Bank of Ireland is introducing a string of changes for its current accounts that will be costly for a number of customers.
However, it insists the majority will be better off.
The bank, headed by group chief executive Francesca McDonagh, is replacing 26 fees that can be imposed on customers with a flat monthly charge of €6 for everyone.
One in 10 customers who had previously avoided transaction fees by keeping a balance of €3,000 in their accounts at all times will now have to pay the €6 charge.
Thirty per cent of customers who have low levels of transactions will also end up paying more.
The bank is making Google Pay available after months of delays in introducing that option.
Customers will be able to apply for a current account in minutes with a new digital account opening process, the bank claimed.
Bank of Ireland said the changes to its charging set-up to a flat-fee model will allow for unlimited contactless payments and ATM use.
However, the new monthly €6 fee will be imposed on all customer current accounts.
The new arrangements take effect from November 23.
At the moment, all customers pay a €5 maintenance every three months.
People who can keep at least €3,000 in their account can avoid transactions charges being added to the quarterly fee.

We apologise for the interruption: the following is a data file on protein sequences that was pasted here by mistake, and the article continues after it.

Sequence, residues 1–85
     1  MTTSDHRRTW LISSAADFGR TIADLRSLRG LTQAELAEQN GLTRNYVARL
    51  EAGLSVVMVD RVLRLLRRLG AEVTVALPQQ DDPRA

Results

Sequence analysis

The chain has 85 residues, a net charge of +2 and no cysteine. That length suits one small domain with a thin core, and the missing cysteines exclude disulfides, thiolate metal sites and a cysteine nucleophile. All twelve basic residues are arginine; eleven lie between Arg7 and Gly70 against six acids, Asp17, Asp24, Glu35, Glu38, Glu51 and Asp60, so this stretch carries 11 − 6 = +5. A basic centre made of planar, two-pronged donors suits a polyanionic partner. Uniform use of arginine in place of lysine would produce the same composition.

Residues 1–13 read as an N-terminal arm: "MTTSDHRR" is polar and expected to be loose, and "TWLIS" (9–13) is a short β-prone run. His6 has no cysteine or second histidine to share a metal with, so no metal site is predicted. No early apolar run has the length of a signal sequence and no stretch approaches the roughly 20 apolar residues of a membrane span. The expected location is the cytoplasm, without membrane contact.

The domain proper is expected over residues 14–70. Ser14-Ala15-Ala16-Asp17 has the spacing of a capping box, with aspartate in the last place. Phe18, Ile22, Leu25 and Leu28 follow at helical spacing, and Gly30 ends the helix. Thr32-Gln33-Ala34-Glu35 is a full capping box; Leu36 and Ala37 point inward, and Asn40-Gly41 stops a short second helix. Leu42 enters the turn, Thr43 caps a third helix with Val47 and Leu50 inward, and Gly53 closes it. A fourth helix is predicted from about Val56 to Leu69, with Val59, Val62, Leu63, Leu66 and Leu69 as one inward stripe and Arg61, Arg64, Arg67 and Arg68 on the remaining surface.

Around one in 10 customers pay the €5 fee, but do not pay any transaction charges because they keep at least €3,000 in their account.
That system will no longer be in place.
Everyone will pay €6 a month, but they will no longer incur individual bank charges, such as the 1c for every contactless payment or fees for debit card chip and PIN transactions and debit card online transactions.
The changes will mean the removal of the referral fee for unpaid direct debits and standing orders of €12.70 per item.
Transaction fees will no longer apply.
The bank said it will continue to provide free banking for seniors, students and graduates.
Also announced is a new digital process that will allow current accounts to be opened online.
Customers will be able to complete their application digitally and upload any supporting documentation in less than 10 minutes using their mobile phone.
Personal customers will also be able to add their credit and debit cards to Google Pay next week.
Daragh Cassidy, of price comparison site Bonkers.ie, said the new all-in-one fee structure makes the bank's charges far easier to understand and more competitive and means there should be no more bill shocks for customers.